Paragraph 2(a) excludes McCullough because he was an executive of T. & C. and the car which he was driving was owned by his wife. Paragraph 2(b) broadens the non-ownership endorsement to cover any person using a nonowned automobile on the business of the named insured. But, as we have already found, the plain words of this policy exclude a loaned automobile from coverage under this endorsement. *fn3" We must give effect to every word if possible and we cannot conjure a doubt where none exists. Therefore, we hold that American Hardware Mutual is not liable for contribution or indemnity regarding the settlement because the vehicle used by McCullough was excluded from the ambit of its policy. However, we do find that American Hardware Mutual is liable for contribution to American Motorists Insurance Company for the legal expenses incurred by McCullough in defending the plaintiff's claim.

 An insurance policy embodies two promises to the insured: First, to indemnify the insured against any liability covered by the policy, and secondly, to defend the insured against any suit alleging an injury covered by the policy. Lee v. Aetna Casualty and Surety C., 178 F.2d 750 (2 Cir. 1949).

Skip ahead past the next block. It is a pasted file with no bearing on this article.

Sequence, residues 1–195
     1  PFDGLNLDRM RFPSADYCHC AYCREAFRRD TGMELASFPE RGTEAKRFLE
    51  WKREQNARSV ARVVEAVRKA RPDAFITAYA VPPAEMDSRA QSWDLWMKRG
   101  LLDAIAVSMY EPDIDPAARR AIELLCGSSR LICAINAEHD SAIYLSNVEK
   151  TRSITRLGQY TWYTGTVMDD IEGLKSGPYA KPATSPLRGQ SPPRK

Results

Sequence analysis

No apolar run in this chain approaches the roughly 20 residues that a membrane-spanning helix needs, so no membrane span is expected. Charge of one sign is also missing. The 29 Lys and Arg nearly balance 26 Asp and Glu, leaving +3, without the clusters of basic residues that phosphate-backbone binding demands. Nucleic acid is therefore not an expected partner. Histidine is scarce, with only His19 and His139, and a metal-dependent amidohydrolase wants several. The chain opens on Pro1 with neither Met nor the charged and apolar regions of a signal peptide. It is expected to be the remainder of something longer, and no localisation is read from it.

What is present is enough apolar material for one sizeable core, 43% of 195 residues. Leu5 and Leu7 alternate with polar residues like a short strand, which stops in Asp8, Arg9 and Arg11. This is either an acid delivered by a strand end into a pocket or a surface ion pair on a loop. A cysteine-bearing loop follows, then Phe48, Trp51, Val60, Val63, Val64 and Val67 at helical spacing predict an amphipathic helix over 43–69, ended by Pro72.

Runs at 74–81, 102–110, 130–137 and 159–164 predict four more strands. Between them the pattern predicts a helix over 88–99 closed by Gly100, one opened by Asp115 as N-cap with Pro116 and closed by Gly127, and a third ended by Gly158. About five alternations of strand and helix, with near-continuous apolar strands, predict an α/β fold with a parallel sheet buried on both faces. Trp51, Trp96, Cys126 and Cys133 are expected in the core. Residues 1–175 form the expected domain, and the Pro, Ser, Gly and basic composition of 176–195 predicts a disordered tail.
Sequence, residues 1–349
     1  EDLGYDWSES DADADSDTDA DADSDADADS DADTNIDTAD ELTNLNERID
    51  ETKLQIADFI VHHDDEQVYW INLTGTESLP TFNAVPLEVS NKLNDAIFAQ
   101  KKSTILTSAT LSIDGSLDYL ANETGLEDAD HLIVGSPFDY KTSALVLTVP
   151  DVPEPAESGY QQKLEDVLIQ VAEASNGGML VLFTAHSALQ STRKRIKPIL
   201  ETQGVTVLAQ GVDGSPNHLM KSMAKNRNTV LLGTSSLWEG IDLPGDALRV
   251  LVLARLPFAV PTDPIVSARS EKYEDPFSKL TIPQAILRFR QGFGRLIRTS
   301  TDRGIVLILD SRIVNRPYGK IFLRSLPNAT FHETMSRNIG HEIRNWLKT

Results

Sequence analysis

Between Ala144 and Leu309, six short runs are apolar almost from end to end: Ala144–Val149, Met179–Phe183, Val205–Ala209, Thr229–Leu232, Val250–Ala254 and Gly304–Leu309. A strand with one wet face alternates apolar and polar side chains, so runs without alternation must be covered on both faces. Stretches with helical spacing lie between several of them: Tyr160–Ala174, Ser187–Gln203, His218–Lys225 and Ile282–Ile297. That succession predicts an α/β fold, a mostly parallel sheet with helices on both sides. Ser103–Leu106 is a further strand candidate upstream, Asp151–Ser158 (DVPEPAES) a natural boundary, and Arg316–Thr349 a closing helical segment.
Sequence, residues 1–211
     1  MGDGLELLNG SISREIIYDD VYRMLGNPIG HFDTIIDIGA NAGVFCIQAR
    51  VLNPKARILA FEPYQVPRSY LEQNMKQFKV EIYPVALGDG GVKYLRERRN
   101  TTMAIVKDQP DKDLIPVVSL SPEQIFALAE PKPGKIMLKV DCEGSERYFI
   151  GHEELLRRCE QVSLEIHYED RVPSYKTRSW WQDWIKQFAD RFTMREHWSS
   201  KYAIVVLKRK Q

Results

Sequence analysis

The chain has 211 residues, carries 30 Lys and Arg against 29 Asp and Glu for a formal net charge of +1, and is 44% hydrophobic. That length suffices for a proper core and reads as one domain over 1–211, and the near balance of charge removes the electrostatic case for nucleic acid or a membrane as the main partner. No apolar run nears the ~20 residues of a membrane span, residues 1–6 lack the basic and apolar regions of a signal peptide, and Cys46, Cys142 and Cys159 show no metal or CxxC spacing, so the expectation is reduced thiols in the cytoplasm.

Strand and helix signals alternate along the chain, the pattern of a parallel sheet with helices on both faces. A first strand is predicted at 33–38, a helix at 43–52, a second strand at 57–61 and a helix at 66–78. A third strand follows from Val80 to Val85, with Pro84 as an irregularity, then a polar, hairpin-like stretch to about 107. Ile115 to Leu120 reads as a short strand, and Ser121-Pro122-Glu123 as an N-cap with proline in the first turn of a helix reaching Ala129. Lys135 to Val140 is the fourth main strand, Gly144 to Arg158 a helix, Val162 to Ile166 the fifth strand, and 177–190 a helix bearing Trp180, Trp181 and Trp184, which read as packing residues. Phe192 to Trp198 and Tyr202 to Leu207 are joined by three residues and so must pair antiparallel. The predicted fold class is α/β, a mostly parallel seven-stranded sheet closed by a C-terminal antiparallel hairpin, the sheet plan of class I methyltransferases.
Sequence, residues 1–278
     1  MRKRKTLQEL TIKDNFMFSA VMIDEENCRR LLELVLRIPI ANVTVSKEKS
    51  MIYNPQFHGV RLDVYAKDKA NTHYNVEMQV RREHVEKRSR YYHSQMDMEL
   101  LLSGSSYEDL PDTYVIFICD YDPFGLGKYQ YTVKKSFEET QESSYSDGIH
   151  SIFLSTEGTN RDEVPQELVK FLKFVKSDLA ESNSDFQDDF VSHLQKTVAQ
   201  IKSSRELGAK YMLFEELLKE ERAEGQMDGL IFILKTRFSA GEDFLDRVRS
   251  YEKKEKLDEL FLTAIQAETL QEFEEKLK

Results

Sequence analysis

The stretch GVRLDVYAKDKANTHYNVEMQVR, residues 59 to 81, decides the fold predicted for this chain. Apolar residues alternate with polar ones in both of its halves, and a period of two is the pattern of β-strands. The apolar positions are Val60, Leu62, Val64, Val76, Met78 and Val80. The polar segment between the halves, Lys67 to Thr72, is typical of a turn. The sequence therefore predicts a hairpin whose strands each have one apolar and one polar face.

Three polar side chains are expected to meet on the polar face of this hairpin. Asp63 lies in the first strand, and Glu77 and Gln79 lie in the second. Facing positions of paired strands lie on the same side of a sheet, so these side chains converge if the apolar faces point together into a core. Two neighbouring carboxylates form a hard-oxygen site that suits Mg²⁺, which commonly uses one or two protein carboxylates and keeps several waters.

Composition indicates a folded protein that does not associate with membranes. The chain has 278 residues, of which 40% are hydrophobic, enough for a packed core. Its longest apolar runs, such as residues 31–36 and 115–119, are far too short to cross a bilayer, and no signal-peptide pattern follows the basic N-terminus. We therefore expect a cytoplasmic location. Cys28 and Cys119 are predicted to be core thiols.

American Hardware's policy in Paragraph II *fn4" of the insuring agreement contains a promise to defend the insured against any suit alleging injury no matter how groundless. A determination of the insurer's duty to defend is made from the contents of the complaint. Lee v. Aetna Casualty and Surety Co., supra, 178 F.2d at p. 753.

 In the instant case, the contents of the complaint allege an injury covered by the policy. Under the policy, McCullough was an additional insured because he was President of T. & C. It was only his use of the loaned vehicle which was excluded from the coverage of the policy.

 None of the pleadings filed in this case clearly showed that American Hardware had no duty to defend McCullough. It was only after this Court conducted a hearing and made a searching analysis of the policy that we reached the conclusion McCullough was driving a vehicle not covered by the contract.

 As Judge Learned Hand said in the Lee case, supra, 178 F.2d at p. 753:

 '* * * When, however, as here, the complaint comprehends an injury which may be within the policy, we hold that the promise to defend includes it.'

 This is the law of Pennsylvania *fn5" and, therefore, the law of this Circuit. *fn6"

 All facts and conclusions of law set out in this Opinion shall constitute the Court's findings as agreed by all the parties.


 And now, this 24th day of April, 1963, it is the judgment of this court that:

 1. William A. McCullough, Jr., was personally insured by the American Motorists Insurance Company and this insurer alone is liable for the full amount of the.$ 4190.00 settlement of the plaintiff's claim.

 2. Judgment is entered in favor of William A. McCullough, Jr., in the sum of $ 400.00 against both insurers for his legal expenses.

 3. Judgment is entered in favor of the American Motorists Insurance Company on its cross-claim for contribution as to the $ 400.00 legal expenses only.